Rabbi Wein.com The Voice of Jewish History

Rabbi Wein’s Weekly Blog

GRIDLOCK

One of the most dreaded situations motorists are forced to face is that of complete gridlock. This usually occurs when there is very heavy traffic, with the inherent frustration involved in trying to move forward, when motorists find themselves in the middle of the road with traffic blocked on their left and right. This inevitably leads to loud honking from all sides and only further frustrates...

Posted in:
In My Opinion
by
Rabbi Berel Wein

VAYERA

The Mishnah in Avot specifically, and Jewish tradition generally, instructs us that our father Abraham was constantly challenged with great tests in life and was able to survive and surmount all of them. There is an underlying difficulty to this narrative regarding the testing of Abraham. God after all is omniscient and knows well in advance what the reaction of Abraham will be to all the...

Posted in:
Weekly Parsha
by
Rabbi Berel Wein

OPTIMISM

One of the hallmark traits of Judaism is a spirit of optimism. Since oftentimes optimism flies in the face of reality and the factual situations we face, like all human traits, it is to be applied judiciously, in moderation and with a great deal of good common sense. Nevertheless, optimism is a permanent state of mind. Even in dark moments when our optimistic mood and hopes are dashed, optimism...

Posted in:
In My Opinion
by
Rabbi Berel Wein

LECH LECHA

It is interesting to note that the Torah in its opening chapters deals with the lives of individuals with a seemingly very narrow focus. It portrays general society for us and tells us of the events that led up to the cataclysmic flood that destroys most of humanity, but even then, the Torah focuses on the lives of an individual, Noah and his family. This pattern continues in this week's reading...

Posted in:
Sabbath/ Holidays
by
Rabbi Berel Wein

NOACH

The Torah, in this week's reading, describes the rainbow as becoming the symbol of God's covenant with the humankind, that the world will not be destroyed by another flood. The appearance of the rainbow in the narrative of Noach and his emergence from the ark does not mean that the rainbow was created then. According to rabbinic tradition and the unchanging laws of nature, the rainbow existed...

Posted in:
Weekly Parsha
by
Rabbi Berel Wein

HOME COOKING

Over the recent holiday of Sukkot two of my grandsons spent the joyous holiday with me in my home. They are very talented young men and among their many gifts, they fancy themselves to be very good cooks, if not even in the category of chefs. They made me solemnly promise that I would not order any food for the holidays from my usual suppliers and that they would purchase all the necessary raw...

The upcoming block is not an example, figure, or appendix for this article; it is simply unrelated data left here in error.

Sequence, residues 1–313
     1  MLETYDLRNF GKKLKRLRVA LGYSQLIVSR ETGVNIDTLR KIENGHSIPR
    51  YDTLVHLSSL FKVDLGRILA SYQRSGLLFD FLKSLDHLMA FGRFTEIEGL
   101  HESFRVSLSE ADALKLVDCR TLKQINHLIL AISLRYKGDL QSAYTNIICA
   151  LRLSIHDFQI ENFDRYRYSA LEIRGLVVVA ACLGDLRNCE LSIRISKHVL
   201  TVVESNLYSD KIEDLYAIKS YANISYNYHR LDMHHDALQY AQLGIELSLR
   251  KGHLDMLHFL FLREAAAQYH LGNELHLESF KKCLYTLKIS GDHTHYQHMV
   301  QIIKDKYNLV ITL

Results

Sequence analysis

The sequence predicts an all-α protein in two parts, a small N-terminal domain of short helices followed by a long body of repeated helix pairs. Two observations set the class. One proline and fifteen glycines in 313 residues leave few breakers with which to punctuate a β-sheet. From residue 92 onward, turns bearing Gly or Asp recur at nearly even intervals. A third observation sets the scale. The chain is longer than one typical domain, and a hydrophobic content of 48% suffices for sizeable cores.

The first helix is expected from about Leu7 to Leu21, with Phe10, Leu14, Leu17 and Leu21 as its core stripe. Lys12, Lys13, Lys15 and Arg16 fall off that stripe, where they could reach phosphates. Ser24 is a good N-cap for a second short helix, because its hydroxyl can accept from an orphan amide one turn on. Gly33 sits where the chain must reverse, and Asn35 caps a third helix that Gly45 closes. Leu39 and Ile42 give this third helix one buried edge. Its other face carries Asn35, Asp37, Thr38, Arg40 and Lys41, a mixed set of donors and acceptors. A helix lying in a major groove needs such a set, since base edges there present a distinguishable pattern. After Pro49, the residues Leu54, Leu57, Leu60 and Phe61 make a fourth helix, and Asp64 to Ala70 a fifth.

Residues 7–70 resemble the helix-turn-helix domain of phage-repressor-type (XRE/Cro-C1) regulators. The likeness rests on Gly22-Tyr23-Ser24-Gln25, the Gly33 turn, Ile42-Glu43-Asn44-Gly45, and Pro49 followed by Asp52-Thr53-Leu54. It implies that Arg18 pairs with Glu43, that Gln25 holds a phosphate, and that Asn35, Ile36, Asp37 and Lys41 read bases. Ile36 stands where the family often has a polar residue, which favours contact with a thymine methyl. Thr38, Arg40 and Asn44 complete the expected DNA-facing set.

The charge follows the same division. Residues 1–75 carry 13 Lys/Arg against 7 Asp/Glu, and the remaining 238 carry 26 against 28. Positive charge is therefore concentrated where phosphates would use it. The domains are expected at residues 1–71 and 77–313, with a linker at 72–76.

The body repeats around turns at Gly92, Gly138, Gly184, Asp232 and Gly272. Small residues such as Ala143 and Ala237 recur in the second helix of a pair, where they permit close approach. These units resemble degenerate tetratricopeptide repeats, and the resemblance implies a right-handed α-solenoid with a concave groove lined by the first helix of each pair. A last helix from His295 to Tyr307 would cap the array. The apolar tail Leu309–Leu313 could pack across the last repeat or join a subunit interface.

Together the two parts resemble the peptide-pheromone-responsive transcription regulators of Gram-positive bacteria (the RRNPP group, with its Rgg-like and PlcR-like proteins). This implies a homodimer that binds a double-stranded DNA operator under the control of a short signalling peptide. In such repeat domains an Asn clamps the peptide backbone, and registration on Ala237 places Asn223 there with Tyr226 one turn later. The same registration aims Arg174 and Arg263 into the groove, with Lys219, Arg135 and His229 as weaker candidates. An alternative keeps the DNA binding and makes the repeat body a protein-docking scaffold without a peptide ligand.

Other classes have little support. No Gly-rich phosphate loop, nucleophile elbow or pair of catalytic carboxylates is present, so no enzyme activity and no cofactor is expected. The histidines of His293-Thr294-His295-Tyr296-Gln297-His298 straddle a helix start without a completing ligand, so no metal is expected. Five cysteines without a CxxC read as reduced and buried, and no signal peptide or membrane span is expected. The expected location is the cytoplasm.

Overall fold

Posted in:
In My Opinion
by
Rabbi Berel Wein

BERESHITH

The Garden of Eden is portrayed for us as being the perfect place. Mortality had not yet entered the way of the world and our aged father and mother lived in an environment where everything was provided; food, shelter and freedom from external dangers. Yet, in this most idyllic of situations – one that we cannot begin to contemplate or imagine – temptation lurked even in this setting. ...

Posted in:
Weekly Parsha
by
Rabbi Berel Wein

IT LOOKS GOOD

We are all aware that looks can be quite deceiving. When the Torah describes for us the concept of knowledge in the Garden of Eden, it refers to it as being most desirous and pleasant in the eyes of our mother Eve. As we all know, this became the source of human mortality and the bitter sin that led to expulsion from Paradise. So, the lesson should be obvious that not everything that looks...

Posted in:
In My Opinion
by
Rabbi Berel Wein

SUKKOT

The holiday of Sukkot is a special and joyous one throughout the Jewish world wherever it is commemorated. But, here in the holy city of Jerusalem, it is uniquely joyous. Jerusalem is inundated with visitors who arrive here from every corner of the world and represent not only the variety of people that compose the Jewish people but also tens of thousands of people of other faiths and...

Posted in:
In My Opinion
by
Rabbi Berel Wein

HAAZINU

Our great teacher Moshe, in his concluding hymn regarding the future of the Jewish people, calls as his witnesses heaven and earth. These witnesses are, in human terms, eternal and omnipresent. They will always be there to testify that Moshe concluded a binding covenant between God and Israel, and that this covenant is a symbol of eternity and destiny. Heaven and earth represent the physical...

Posted in:
Weekly Parsha
by
Rabbi Berel Wein